Kristie L. Kahl: Why is it important that patients talk to their doctor about potentially joining a trial?

Dr. Ogori Kalu: So clinical trials basically are trying to investigate some sort of new treatment for cancer, for a particular kind of cancer, particular kind of ailment that could benefit that patient's disease process in a better way than the standard treatment they already have. So it's always best to first go to your provider to actually know whether or not considering whatever clinical stage you are, wherever you are in your process and treatment, that it's appropriate for you to pursue a clinical trial, because of course, as a patient, your provider knows your health history the best. They know what's going on with you. They know what would be most appropriate and most beneficial for you. And they would be the first people you asked that question about clinical trials. They may not have all the information.

So the second tier, of course, is to do your own research. Because, you know, we can't deny that there are some parts of this country where access to aspects of more elaborate cancer care or more in depth cancer care may not be easily there for them. So sometimes, unfortunately, the onus is on the patient themselves to do that investigation. But always bring it to your physician first and ask those questions. Especially before pursuing any other kind of treatment than you're already provided with at that time.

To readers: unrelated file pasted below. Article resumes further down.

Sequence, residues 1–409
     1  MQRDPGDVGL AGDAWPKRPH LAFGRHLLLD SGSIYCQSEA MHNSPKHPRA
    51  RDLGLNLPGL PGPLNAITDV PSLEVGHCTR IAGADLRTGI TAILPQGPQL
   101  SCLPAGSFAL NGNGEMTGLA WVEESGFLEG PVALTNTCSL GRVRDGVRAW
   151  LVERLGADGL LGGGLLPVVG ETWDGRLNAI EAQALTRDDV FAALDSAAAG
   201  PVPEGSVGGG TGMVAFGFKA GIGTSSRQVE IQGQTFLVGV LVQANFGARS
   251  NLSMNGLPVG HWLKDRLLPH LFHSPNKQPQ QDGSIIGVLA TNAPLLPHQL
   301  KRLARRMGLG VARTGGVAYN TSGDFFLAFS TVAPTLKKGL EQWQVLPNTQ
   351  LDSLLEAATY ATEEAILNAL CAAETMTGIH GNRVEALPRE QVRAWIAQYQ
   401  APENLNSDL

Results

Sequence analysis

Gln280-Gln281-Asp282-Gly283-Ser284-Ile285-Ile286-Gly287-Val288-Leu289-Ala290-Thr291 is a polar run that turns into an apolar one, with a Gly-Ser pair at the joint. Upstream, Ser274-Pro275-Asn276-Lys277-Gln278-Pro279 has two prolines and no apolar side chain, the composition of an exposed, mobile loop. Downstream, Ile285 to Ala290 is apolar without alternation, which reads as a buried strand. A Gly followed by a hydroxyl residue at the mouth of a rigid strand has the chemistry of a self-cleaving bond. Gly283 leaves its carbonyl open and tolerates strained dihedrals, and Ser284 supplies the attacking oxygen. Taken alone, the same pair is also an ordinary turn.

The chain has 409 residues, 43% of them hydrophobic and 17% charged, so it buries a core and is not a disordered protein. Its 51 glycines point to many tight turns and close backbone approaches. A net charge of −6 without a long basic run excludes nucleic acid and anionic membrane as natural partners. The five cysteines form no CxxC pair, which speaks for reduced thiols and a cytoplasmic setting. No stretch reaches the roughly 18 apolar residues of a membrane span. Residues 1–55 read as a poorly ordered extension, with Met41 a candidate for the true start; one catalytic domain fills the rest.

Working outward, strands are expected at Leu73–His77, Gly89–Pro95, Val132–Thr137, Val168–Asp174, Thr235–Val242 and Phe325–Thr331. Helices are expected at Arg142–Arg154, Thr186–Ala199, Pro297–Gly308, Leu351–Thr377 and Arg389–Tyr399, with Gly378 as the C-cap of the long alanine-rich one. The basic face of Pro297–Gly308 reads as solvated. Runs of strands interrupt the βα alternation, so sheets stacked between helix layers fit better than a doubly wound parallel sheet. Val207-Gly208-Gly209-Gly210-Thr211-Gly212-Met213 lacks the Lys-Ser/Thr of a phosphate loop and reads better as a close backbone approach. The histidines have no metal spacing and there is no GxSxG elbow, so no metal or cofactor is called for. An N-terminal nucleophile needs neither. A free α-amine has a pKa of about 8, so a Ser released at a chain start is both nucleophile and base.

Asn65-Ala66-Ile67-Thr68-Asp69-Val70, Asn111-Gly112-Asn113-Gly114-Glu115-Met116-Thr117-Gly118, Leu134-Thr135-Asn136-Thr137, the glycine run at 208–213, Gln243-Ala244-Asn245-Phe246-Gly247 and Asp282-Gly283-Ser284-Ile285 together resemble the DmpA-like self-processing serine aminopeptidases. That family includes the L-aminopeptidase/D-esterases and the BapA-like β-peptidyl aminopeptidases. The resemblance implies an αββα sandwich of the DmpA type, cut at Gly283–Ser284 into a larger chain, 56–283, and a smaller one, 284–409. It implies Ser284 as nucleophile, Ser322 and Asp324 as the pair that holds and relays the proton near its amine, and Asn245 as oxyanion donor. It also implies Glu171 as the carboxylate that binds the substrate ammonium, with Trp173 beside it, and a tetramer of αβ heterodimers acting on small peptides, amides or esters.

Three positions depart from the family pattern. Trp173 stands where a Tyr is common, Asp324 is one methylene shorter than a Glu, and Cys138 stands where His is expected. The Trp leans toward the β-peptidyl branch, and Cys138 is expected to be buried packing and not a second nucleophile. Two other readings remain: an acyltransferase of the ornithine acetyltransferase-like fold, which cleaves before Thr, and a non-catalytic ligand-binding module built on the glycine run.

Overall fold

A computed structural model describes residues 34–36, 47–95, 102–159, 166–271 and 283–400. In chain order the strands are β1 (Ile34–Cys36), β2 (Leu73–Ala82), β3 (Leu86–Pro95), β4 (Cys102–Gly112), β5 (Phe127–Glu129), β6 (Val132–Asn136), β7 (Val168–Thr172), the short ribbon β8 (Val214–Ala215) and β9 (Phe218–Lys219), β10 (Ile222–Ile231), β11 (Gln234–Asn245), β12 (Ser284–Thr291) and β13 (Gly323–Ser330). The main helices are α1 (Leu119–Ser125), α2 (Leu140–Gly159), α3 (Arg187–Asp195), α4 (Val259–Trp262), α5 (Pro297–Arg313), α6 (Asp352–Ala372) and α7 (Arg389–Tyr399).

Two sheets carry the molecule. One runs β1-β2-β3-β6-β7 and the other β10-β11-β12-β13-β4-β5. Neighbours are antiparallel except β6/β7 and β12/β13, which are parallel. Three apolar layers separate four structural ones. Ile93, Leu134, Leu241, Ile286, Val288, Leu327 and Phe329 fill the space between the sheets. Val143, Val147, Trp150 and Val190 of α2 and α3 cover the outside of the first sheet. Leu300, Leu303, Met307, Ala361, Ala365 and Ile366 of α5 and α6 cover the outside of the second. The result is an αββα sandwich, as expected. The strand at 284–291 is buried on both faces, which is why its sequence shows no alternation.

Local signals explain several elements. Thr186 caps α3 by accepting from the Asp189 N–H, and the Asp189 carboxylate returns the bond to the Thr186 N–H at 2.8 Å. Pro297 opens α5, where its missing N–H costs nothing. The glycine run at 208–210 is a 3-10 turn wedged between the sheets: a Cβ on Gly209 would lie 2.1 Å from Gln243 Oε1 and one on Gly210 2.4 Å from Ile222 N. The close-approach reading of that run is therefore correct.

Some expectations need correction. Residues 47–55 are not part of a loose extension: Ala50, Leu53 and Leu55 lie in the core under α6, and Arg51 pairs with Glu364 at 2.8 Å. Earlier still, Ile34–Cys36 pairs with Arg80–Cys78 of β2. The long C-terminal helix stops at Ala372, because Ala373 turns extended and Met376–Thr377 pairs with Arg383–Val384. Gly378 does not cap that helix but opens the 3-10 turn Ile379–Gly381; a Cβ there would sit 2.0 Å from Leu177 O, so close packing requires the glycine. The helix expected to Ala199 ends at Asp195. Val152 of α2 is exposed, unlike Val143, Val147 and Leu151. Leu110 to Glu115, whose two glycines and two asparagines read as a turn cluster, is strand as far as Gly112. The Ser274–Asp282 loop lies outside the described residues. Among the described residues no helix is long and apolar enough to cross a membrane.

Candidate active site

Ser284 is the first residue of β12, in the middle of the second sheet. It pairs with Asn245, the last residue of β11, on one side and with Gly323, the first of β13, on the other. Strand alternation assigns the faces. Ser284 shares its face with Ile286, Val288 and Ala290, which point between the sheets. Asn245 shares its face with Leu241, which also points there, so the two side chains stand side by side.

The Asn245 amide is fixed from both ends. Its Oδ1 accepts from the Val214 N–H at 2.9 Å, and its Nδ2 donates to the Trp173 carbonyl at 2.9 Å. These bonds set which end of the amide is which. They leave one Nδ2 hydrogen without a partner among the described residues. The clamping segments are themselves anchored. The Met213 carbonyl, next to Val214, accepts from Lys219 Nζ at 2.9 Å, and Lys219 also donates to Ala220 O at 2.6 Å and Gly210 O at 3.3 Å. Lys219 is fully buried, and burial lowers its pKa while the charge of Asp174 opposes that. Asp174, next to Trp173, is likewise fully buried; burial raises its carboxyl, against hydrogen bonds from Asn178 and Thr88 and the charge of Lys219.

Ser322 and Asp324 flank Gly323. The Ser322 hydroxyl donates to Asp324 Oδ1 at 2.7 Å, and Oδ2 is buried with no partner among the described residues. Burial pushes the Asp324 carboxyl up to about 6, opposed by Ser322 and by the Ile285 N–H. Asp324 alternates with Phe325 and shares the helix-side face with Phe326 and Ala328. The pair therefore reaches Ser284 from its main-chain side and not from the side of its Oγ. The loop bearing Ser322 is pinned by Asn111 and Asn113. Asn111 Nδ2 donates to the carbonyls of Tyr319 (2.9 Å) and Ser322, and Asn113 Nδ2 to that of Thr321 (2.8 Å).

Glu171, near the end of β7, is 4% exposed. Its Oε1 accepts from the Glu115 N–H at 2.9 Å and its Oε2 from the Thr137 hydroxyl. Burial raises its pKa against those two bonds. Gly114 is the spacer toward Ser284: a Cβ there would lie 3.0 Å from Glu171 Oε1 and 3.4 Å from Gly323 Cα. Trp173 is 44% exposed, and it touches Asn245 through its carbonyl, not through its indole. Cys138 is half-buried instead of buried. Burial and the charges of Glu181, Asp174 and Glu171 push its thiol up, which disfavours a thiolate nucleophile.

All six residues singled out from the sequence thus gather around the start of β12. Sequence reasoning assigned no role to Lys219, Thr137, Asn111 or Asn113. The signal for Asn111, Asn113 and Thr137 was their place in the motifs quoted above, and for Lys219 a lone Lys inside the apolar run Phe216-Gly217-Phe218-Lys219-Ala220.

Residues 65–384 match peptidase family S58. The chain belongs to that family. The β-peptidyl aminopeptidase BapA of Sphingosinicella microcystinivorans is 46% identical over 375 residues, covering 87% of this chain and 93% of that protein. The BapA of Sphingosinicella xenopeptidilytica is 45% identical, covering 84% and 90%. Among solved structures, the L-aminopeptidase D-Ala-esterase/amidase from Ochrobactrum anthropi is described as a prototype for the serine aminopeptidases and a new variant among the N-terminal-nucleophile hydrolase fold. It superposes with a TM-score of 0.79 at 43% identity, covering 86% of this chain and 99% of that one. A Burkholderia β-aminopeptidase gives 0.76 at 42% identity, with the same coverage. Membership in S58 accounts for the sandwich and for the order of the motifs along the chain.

Kristie L. Kahl: Can we also negate some of the misconceptions that we have about clinical trials?

Dr. Ogori Kalu: Only going to receive a placebo, the whole idea of the sugar pill, meaning really nothing, you know, for a person who has cancer, or any sort of life-threatening ailments. There are rules and laws surrounding medical ethics and the basic laws provided around a clinical trials that say we cannot put someone in a trial and not offer them treatment for whatever it is that they're going through. It's ethically unsound to do that. So the patient has to be reassured that whatever they're on the trial for, it will not take away from their primary treatment. So you'll either be in the arm where you're getting this or you're getting a new one, because it's always connecting, or comparing standard treatment to this new treatment that they're investigating. And that's one myth.